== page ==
WASHINGTON – U.N. Secretary-General Kofi Annan (search) will meet here Tuesday with President Bush and Secretary of State Colin Powell to plan for the dispatch of a U.N. team to Iraq.
Annan will bring with him to Washington an agenda that also includes trying to find a solution to Cyprus' division and planning for a donors' conference on Liberia (search) scheduled for Friday in New York, a U.S. official said.
The Bush administration is hoping Annan's delegation to Baghdad can find a formula to overcome Shiite grumbling over U.S. plans for a transition to civilian rule (search) July 1.
On Cyprus (search), after years of stalemate, Annan is promoting a proposal to resolve a 30-year dispute between Greek and Turkish Cypriots over Turkish troops' occupation of about 40 percent of the island nation.
Liberia is emerging from a destructive civil war that was settled last August with U.N. intervention. The African country is in desperate economic and social condition.
Annan wants to be sure the experts he is sending to Iraq can be protected from the violence that has bedeviled U.S.-led reconstruction efforts. The administration, for its part, would like the United Nations to return to Iraq after being driven out by terror attacks.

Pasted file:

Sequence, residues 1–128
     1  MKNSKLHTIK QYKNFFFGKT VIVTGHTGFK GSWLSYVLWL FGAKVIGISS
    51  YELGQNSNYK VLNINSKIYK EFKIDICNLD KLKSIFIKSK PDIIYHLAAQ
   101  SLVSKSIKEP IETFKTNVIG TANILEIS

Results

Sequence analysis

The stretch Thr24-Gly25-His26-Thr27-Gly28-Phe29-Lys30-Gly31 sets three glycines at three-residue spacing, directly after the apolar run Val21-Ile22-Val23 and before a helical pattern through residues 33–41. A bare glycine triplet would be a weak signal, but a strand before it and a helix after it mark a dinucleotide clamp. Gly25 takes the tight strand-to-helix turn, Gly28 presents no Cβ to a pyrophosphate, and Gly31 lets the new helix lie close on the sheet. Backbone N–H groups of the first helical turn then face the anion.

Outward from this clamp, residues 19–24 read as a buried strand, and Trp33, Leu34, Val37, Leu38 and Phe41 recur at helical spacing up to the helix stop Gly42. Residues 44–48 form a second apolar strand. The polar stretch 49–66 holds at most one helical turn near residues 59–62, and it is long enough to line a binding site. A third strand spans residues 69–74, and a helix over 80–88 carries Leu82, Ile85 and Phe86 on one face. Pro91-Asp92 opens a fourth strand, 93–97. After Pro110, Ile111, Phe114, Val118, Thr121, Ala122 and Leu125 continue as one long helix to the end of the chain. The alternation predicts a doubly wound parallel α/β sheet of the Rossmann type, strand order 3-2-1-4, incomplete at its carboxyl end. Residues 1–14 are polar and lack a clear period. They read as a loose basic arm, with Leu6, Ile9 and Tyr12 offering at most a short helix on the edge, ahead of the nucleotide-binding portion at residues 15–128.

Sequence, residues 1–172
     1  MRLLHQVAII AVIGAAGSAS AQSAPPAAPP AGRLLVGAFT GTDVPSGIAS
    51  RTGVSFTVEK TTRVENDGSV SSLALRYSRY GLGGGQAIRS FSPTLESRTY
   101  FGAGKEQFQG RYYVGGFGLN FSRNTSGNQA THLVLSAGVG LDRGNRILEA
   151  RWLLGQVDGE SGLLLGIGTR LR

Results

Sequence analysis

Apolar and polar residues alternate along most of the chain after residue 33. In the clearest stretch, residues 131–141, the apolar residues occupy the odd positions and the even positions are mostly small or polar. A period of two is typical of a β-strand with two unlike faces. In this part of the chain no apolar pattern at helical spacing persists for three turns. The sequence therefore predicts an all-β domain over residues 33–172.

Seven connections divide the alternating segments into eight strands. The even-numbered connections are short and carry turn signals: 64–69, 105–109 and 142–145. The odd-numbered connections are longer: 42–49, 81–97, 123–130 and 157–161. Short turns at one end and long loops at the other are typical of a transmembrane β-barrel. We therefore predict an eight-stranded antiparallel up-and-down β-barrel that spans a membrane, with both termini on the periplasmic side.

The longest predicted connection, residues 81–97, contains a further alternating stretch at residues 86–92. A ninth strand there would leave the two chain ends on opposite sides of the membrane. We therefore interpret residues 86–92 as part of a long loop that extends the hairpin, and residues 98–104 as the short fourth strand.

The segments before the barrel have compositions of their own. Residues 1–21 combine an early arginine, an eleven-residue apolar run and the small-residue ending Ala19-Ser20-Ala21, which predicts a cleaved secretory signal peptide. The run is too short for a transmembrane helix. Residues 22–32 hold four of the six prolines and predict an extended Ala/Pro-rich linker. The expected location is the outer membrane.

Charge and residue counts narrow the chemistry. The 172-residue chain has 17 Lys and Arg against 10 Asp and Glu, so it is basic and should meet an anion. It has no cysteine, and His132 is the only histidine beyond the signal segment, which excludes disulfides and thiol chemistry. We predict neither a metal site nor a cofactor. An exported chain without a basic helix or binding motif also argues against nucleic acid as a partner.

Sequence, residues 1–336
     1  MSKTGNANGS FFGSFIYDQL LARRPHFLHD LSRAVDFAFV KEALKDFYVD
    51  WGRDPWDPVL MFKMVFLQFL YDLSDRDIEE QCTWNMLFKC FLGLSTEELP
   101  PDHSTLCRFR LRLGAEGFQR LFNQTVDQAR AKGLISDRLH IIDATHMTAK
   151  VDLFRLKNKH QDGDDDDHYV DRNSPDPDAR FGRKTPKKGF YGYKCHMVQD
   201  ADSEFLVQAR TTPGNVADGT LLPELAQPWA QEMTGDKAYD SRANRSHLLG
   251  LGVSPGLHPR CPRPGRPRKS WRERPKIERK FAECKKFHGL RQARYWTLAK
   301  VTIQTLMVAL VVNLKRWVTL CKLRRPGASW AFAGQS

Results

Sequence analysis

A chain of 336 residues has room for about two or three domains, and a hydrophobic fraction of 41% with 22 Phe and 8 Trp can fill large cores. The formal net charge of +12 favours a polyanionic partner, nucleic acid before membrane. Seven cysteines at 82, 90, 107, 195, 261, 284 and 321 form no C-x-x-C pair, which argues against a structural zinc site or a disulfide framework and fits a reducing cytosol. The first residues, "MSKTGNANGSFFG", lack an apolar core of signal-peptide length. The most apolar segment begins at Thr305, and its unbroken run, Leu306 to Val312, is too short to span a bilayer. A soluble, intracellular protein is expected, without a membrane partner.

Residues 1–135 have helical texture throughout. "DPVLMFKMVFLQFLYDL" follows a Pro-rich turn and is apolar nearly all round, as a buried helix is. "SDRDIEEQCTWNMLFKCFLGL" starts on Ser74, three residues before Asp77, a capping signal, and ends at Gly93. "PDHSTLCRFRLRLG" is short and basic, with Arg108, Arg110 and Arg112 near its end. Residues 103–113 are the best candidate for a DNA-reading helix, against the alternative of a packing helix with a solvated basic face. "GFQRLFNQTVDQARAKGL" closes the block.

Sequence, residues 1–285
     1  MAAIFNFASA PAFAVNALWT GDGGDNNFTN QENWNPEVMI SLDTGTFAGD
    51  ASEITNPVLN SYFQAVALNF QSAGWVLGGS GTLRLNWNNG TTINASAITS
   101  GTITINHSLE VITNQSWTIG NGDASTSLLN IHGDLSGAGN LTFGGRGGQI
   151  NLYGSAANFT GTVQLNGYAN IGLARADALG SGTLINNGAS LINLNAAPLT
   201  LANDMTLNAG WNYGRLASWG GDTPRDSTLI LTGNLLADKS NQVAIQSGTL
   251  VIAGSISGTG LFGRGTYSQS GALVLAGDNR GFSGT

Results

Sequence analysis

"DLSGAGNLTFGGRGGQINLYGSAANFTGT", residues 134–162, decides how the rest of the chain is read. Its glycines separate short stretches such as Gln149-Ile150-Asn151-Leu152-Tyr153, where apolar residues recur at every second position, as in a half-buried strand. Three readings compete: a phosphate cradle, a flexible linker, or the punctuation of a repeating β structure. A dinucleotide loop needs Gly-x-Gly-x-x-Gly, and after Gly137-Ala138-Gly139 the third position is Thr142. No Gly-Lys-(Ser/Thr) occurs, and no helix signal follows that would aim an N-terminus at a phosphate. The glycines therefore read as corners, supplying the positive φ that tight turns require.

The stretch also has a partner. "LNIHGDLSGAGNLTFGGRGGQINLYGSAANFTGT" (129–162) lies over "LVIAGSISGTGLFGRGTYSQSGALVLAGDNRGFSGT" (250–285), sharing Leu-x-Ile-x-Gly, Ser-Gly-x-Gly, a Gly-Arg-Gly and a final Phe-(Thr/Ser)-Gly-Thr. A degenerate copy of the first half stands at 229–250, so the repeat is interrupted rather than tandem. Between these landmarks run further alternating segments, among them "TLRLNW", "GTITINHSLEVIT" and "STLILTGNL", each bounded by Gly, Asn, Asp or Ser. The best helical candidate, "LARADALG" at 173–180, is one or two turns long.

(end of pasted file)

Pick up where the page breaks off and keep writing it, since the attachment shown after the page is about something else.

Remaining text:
"I think we are making progress," Annan said Friday in Brussels, Belgium. "The coalition has indicated to me, has promised us, it will do its utmost to protect the team that will work in Iraq. Therefore, in the next few days, the team should be able to travel to start work."
The United Nations pulled out of Iraq last October after two bombings at U.N. headquarters in Baghdad and an upsurge in attacks against humanitarian targets. In the first suicide bombing, in August, 22 people, including Annan's special representative Sergio Vieira de Mello (search), were killed.
The U.N. team is to examine whether it is possible to organize early elections as demanded by Shiite Muslim (search) clergy, or whether a provisional government should be set up through other mechanisms.
U.S. officials fear early elections could lead to greater violence and want members of a new legislature to be named in regional caucuses. The legislature would in turn choose a new government to take power by July 1, formally ending the U.S.-led occupation.
The United States is hoping the U.N. intervention could break a deadlock between its coalition authority in Iraq and a powerful Islamic cleric, Grand Ayatollah Ali al-Husseini al-Sistani who is leading the call for early elections.